Amid Coronavirus Pandemic, Pen Pal Matching Program Takes Off New Yorker staff writer Rachel Syme was writing lots of letters on her typewriter. She asked if anyone would be interested in a pen pal exchange. She created Penpalooza, which has over 7,000 writers.
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Amid Coronavirus Pandemic, Pen Pal Matching Program Takes Off

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Amid Coronavirus Pandemic, Pen Pal Matching Program Takes Off

Amid Coronavirus Pandemic, Pen Pal Matching Program Takes Off

Amid Coronavirus Pandemic, Pen Pal Matching Program Takes Off

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  • <iframe src="https://www.npr.org/player/embed/944128772/944149839" width="100%" height="290" frameborder="0" scrolling="no" title="NPR embedded audio player">
  • Transcript

New Yorker staff writer Rachel Syme was writing lots of letters on her typewriter. She asked if anyone would be interested in a pen pal exchange. She created Penpalooza, which has over 7,000 writers.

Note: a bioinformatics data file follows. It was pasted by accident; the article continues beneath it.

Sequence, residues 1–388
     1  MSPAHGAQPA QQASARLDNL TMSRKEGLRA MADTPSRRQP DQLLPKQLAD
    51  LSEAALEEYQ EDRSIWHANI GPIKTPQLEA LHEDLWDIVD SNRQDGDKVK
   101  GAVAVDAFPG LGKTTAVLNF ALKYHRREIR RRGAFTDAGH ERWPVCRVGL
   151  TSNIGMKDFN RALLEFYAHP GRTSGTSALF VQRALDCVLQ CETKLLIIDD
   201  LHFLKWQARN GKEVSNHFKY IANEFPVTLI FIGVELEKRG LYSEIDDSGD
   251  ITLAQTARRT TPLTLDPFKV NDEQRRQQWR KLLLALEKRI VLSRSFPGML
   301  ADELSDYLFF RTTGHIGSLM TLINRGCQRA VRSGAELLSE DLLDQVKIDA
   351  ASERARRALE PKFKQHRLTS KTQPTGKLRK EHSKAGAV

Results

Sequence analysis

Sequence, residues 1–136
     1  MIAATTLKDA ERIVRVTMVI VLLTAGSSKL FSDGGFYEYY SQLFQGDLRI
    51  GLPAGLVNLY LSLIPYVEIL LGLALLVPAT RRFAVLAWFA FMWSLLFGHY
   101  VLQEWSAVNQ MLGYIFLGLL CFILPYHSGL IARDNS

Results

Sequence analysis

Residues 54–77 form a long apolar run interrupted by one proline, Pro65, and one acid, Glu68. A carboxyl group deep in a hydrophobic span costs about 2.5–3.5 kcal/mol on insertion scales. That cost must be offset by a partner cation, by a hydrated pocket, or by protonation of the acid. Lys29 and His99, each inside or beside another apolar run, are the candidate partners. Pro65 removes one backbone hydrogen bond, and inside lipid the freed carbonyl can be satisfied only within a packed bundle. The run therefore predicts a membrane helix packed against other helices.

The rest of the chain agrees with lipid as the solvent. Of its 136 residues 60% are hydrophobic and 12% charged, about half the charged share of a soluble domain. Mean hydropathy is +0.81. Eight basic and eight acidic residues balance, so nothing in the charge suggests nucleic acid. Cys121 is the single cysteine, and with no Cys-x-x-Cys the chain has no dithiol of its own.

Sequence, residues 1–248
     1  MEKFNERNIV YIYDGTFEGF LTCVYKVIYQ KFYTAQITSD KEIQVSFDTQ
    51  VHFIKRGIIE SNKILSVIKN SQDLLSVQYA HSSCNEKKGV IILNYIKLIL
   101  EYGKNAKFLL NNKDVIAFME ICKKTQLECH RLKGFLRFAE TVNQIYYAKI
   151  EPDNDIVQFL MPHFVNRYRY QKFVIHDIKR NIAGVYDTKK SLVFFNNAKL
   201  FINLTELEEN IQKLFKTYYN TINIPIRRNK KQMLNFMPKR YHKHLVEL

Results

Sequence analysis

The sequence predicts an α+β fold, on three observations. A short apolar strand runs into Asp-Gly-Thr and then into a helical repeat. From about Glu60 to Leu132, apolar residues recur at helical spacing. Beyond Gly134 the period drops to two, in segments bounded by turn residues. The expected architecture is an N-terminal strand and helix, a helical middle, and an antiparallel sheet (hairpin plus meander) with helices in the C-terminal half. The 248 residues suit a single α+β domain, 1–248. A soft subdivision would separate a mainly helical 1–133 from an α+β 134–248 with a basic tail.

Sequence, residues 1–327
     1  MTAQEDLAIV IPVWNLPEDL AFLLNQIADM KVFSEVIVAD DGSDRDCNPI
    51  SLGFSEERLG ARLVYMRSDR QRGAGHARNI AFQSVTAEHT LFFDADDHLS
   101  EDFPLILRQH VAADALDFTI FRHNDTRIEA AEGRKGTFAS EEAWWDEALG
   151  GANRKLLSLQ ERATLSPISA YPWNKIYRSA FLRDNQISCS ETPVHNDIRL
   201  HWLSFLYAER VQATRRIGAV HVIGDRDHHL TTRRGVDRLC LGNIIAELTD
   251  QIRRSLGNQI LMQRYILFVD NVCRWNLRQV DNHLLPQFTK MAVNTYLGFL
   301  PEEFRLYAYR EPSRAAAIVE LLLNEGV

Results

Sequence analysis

NOEL KING, HOST:

Good morning. I'm Noel King. During the pandemic, Rachel Syme started writing lots of letters on her old-school electric typewriter - lots. She asked if anyone would be interested in a pen pal exchange. Syme, who's a contributor to NPR, created Penpalooza, a pen pal matching program, and it's taken off. Penpalooza now has over 7,000 writers. One woman told The Guardian, when my first piece of mail arrived, the excitement I felt was beyond reason. It's MORNING EDITION.

[POST-BROADCAST CORRECTION: In the audio of this story, as in a previous Web introduction, we incorrectly refer to Rachel Syme as an NPR contributor. She is a New Yorker staff writer.]

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Correction Dec. 8, 2020

In the audio of this story, as in a previous Web introduction, we incorrectly refer to Rachel Syme as an NPR contributor. She is a New Yorker staff writer.